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Home / Neighborhood / San Gabriel Valley / Pasadena Independent / The Pasadena Playhouse’s Community Organizer Summer Internship

The Pasadena Playhouse’s Community Organizer Summer Internship

by Pasadena Independent
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The Pasadena Playhouse from without. – Courtesy Photo

The Pasadena Playhouse from without. – Courtesy Photo

By May S. Ruiz

As summer internships come, the one offered by the Pasadena Playhouse is by far one of the most challenging and exciting! This year’s program was made possible through a grant from the Los Angeles National Arts Council, a first for the Playhouse.

The posted job description for this intern is that he or she will report to Seema Sueko, Associate Artistic Director, to activate the Playhouse’s Consensus Organizing for Theatre Methodology and represent the Playhouse through interactions with community leaders and members of the public. If that doesn’t sound daunting enough, the list of duties should give anyone pause.

Some of the intern’s duties include: conducting a dramaturgical examination of the plays in the 2015-2016 season; supporting the CO work by consolidating information, data and spreadsheets from the 2014-2015 season of CO work; brainstorming and activating Consensus Organizing partnership; and participating in the rehearsal prep work for the first show of the 2015-2016 season, among others things.

The responsibilities are major and varied, requiring this individual to be a self-starter with a tremendous drive and creativity. He or she needs to have a passion for theatre and its community-building possibilities.

The successful candidate would be chosen based on his or her application letter that includes a one-page Community Organizer’s Statement telling Ms. Sueko his or her core values as an Organizer and/or personal mission.

A consistent theme in this entire internship program is that of the Consensus Organizer – a concept originated by Seema Sueko when she founded the Mo’olelo Performing Arts Company in San Diego. She based this methodology on Mike Eichler’s principles of consensus organizing for civic environment. When applied in theatre, this means getting involved in several pockets of the community and inspiring them to get involved back. If successful, this Consensus Organizing method should result in ticket sales and funding opportunities, and a more meaningful connection between the theatre and the community.

It is apt that Ms. Sueko is advocating this concept in an environment that is open to such a notion. The Playhouse’s history is steeped in community participation and involvement. When its founding director, Gilmore Brown, died in 1969 and the theatre closed its doors, The Pasadena Playhouse Alumni & Associates continued working.

In 1985, it reopened as a result of a partnership between local government, businesses, patrons and various philanthropists. The Playhouse went on to inaugurate new works and significant reproduction of American theater. Tony Award- and Pulitzer Prize-winning plays and musicals of cultural and theatrical diversity have been featured on the Playhouse stage.

Artistic Director Sheldon Epps. – Photo by Terry Miller

Artistic Director Sheldon Epps. – Photo by Terry Miller

Sheldon Epps, who became Artistic Director in 1997, organized the Theatrical Diversity Program in 2005 that gave youths from disadvantaged backgrounds the opportunity to experience theatre through free student performances and arts education events. In 2013, it supported exploratory outreach initiatives to further engage the Hispanic and Asian/Pacific communities.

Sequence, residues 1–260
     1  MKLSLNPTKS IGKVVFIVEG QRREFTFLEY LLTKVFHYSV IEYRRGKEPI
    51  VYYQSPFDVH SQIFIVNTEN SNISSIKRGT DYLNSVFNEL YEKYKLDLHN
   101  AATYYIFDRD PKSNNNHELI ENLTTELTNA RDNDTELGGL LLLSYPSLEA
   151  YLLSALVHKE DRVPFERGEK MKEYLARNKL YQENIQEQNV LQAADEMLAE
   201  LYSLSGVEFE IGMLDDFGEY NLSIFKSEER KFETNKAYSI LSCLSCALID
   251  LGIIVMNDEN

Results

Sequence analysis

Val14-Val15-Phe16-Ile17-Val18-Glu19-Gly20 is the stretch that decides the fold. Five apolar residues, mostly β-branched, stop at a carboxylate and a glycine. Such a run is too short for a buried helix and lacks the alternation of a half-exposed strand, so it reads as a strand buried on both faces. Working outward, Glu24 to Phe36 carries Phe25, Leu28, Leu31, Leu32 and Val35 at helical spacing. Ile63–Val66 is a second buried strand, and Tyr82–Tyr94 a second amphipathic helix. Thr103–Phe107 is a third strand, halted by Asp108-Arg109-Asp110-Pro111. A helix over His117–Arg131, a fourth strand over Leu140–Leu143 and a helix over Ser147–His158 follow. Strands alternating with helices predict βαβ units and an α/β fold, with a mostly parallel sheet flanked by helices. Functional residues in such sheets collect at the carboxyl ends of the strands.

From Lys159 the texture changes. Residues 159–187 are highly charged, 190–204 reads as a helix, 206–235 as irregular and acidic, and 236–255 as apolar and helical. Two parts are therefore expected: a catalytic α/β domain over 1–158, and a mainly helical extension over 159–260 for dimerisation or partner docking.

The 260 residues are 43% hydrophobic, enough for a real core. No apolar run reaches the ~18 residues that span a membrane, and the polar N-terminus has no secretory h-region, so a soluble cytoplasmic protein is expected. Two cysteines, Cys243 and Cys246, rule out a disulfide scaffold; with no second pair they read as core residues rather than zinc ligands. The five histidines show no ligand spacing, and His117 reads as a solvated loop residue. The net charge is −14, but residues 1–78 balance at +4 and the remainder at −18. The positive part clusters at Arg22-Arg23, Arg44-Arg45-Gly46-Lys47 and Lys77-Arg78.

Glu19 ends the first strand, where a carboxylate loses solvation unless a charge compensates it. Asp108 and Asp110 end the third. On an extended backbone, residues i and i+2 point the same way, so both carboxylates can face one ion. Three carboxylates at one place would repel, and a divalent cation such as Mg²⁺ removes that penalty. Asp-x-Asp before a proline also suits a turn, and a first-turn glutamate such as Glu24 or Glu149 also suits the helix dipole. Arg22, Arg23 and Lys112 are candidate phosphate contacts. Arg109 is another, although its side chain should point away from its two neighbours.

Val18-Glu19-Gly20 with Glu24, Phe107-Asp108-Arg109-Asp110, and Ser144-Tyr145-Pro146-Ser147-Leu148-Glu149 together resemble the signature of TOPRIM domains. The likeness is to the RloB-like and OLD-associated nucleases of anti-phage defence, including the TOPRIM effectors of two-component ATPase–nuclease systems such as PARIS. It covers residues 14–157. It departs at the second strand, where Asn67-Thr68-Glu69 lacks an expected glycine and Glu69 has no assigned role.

Under Mr. Epps’ helm, the Playhouse launched the national tour of Purlie in coordination with the Goodman Theatre; Sister Act: The Musical, which played at the London Palladium in the West End and at the Broadway Theatre on Broadway; and Baby, It’s You, which was presented at Broadhurst Theatre on Broadway. He also oversaw the production of A Night with Janis Joplin; Stormy Weather: The Lena Horne Story, Can Can: The Musical, and Ray Charles Live. Other performances staged at the Playhouse include: Fences, starring Laurence Fishburne and Angela Bassett, with Sheldon Epps directing; The Heiress, featuring Richard Chamberlain; Citizen Kane, with Val Kilmer; Above the Fold, starring Taraji P. Henson; Stoneface, with French Stewart; and Kiss Me, Kate, starring Wayne Brady, and once more directed by Sheldon Epps.

The addition of Seema Sueko to the Playhouse staff in January underlines Mr. Epps’s conviction that diversity and engagement with the community are founding principles of this venerable institution. In a January feature story in American Theatre, Ms. Sueko explains consensus organizing for theatre. “A mutual stake is built by surfacing mutual self-interests. The theatre knows what its self-interests are, and it initiates mindful conversations with community members and businesses to bring their self-interests to the fore. Where things align, that’s where the organizing happens – we organize around that.”

The Playhouse has come full circle from its early beginnings as the Pasadena Community Playhouse, when the tremendous local support moved George Bernard Shaw into giving it the sobriquet “the Athens of the West.”

It is into this scene the Playhouse’s summer intern will enter. For Sheldon Epps, the success of “consensus organizing for theatre” would be a defining moment for The Pasadena Playhouse and solidify its place in history as the State Theatre of California.

The Pasadena Playhouse Courtyard. - Courtesy Photo

The Pasadena Playhouse Courtyard. – Courtesy Photo

 

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